My app reads the list of all installed APK files, and then loop through the list to read the APK info, however it throws a TransactionTooLargeException exception.

From what I have read here http://developer.android.com/reference/android/os/TransactionTooLargeException.html, google recommends to break large transactions into smaller transactions. However it seems this happens in the middle when looping through the APK list. If I catch the exception and continue it, the rest all works fine. Is there a way to reduce the memory usage while calling the getPackageInfo? Does that call hold some thing even after it already returned.

Here is the trace when it happened:

at android.app.ApplicationPackageManager.getPackageInfo(ApplicationPackageManager.java:89)
at com.myapp.appreader.getAppDetails(Appreader.java:207)
at com.myapp.appreader.collectData(Appreader.java:99)
at com.myapp.appreader.AppDataCollectionTask.run(AppDataCollectionTask.java:26)
at com.myapp.appreader.service.AppDataTaskExecutor$AppDataAsyncTask.executeTask(AppDataTaskExecutor.java:439) 
at com.myapp.appreader.service.AppDataTaskExecutor$AppDataAsyncTask.doInBackground(AppDataTaskExecutor.java:327)
at com.myapp.appreader.service.AppDataTaskExecutor$AppDataAsyncTask.doInBackground(AppDataTaskExecutor.java:1)
at android.os.AsyncTask$2.call(AsyncTask.java:287)
at java.util.concurrent.FutureTask.run(FutureTask.java:234)
at java.util.concurrent.ThreadPoolExecutor.runWorker(ThreadPoolExecutor.java:1080)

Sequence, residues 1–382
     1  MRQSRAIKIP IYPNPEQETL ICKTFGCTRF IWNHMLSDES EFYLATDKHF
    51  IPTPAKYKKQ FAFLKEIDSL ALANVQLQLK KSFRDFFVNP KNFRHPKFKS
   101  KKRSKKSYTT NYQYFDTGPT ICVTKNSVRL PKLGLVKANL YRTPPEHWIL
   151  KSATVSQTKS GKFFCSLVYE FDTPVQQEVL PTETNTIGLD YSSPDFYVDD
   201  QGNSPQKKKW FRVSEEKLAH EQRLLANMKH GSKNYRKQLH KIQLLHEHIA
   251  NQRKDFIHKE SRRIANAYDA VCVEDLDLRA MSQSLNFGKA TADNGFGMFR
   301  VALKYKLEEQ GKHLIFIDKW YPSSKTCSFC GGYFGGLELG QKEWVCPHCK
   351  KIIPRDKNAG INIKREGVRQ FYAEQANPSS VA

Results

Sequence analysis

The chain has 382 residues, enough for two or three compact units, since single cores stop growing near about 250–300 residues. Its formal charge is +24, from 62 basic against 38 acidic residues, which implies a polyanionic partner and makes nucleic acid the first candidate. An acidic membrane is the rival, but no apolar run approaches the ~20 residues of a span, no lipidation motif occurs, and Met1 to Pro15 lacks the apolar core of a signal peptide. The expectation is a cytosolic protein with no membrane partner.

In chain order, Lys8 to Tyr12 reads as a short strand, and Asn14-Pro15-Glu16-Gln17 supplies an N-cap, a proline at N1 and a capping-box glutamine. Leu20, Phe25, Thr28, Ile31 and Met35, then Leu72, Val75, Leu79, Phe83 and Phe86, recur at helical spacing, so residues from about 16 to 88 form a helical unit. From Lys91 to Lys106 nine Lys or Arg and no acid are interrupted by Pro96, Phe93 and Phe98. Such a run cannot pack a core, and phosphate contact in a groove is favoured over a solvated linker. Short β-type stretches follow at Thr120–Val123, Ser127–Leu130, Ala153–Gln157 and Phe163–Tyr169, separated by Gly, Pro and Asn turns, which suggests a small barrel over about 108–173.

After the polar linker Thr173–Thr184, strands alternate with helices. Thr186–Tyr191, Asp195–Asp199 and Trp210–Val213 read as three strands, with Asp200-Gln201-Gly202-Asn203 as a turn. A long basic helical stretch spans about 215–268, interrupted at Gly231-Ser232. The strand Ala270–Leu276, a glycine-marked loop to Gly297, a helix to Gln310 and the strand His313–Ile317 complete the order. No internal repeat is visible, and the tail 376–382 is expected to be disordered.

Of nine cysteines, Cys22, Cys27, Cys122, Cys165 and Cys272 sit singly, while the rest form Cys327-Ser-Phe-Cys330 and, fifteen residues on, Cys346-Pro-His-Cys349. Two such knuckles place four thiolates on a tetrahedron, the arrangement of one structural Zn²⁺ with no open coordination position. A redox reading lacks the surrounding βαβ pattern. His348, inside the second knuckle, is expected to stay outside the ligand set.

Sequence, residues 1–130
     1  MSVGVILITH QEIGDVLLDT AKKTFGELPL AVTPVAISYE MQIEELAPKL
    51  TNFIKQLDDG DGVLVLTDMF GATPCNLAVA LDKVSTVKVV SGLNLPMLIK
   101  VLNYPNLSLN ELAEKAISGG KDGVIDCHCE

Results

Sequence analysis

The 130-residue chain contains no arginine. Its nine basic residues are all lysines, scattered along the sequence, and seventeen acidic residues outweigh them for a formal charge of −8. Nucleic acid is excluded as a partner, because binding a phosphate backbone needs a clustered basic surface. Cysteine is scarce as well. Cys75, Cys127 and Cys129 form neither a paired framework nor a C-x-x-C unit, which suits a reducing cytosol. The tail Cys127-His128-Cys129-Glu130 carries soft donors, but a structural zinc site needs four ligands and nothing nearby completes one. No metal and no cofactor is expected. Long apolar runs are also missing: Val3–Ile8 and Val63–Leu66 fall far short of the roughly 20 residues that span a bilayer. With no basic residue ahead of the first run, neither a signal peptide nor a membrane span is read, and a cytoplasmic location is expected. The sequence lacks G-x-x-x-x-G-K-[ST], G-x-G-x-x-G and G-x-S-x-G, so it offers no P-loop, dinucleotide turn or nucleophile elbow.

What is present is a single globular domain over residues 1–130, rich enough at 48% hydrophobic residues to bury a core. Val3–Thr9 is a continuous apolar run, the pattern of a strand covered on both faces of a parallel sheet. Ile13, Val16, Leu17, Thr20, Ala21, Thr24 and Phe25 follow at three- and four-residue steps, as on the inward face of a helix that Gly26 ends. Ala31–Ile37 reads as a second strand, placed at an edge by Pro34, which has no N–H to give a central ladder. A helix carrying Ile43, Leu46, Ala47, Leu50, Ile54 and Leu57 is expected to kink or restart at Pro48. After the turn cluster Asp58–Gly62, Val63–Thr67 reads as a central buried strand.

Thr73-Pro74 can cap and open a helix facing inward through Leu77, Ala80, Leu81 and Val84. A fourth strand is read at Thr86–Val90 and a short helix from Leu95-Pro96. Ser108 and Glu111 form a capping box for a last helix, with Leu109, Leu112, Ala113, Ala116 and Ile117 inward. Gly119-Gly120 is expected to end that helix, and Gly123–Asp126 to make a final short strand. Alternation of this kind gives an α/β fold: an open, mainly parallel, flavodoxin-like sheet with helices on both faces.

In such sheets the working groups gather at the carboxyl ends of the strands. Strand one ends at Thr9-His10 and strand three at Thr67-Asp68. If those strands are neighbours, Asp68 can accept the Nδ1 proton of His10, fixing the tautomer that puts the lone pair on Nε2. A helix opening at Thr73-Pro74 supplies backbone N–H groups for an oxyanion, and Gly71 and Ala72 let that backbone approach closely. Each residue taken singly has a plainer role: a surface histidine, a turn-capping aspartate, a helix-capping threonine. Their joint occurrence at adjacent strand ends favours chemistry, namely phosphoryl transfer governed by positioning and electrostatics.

at java.util.concurrent.ThreadPoolExecutor$Worker.run(ThreadPoolExecutor.java:573)
at java.lang.Thread.run(Thread.java:856)\nCaused by: android.os.TransactionTooLargeExceptionat android.os.BinderProxy.transact(Native Method)
at android.content.pm.IPackageManager$Stub$Proxy.getPackageInfo(IPackageManager.java:1538)
at android.app.ApplicationPackageManager.getPackageInfo(ApplicationPackageManager.java:84)
  • Try using a smaller list of flags per call. IOW, instead of asking for all possible flags in one call, try making two or three calls each with a subset of the flags. – CommonsWare Jun 17 '14 at 0:13
  • Right now I have 7 flags in the call, is that too big? I will try to split it to 2-3 calls to see how it goes. The error right now always happen on the 74th APK in the loop. However there are more after it, and all of them(and the ones before that one) all worked fine. – Ray Jun 17 '14 at 0:19
  • "Right now I have 7 flags in the call, is that too big?" -- depends upon how complicated the package is. The more components and other stuff are in the package, the bigger the result set will be. Perhaps the 74th app is just a really complex one. – CommonsWare Jun 17 '14 at 0:21
  • That is interesting. I suppose it is a complex app(Google Maps). However I tried to just call the getPackageInfo for Google Maps, it works without any problem. So apparently the loop is also a factor in the exception. Some resources are not released quickly enough. Will break the loop into several smaller loops worth a try? – Ray Jun 17 '14 at 0:25
  • "So apparently the loop is also a factor in the exception" -- I wouldn't have expected it to, but I certainly can't rule it out. "Will break the loop into several smaller loops worth a try?" -- yes, only because you only have so many options. :-) If size does not help (fewer flags), then time might (slower iteration through loop). After that, I'm out of ideas. – CommonsWare Jun 17 '14 at 1:03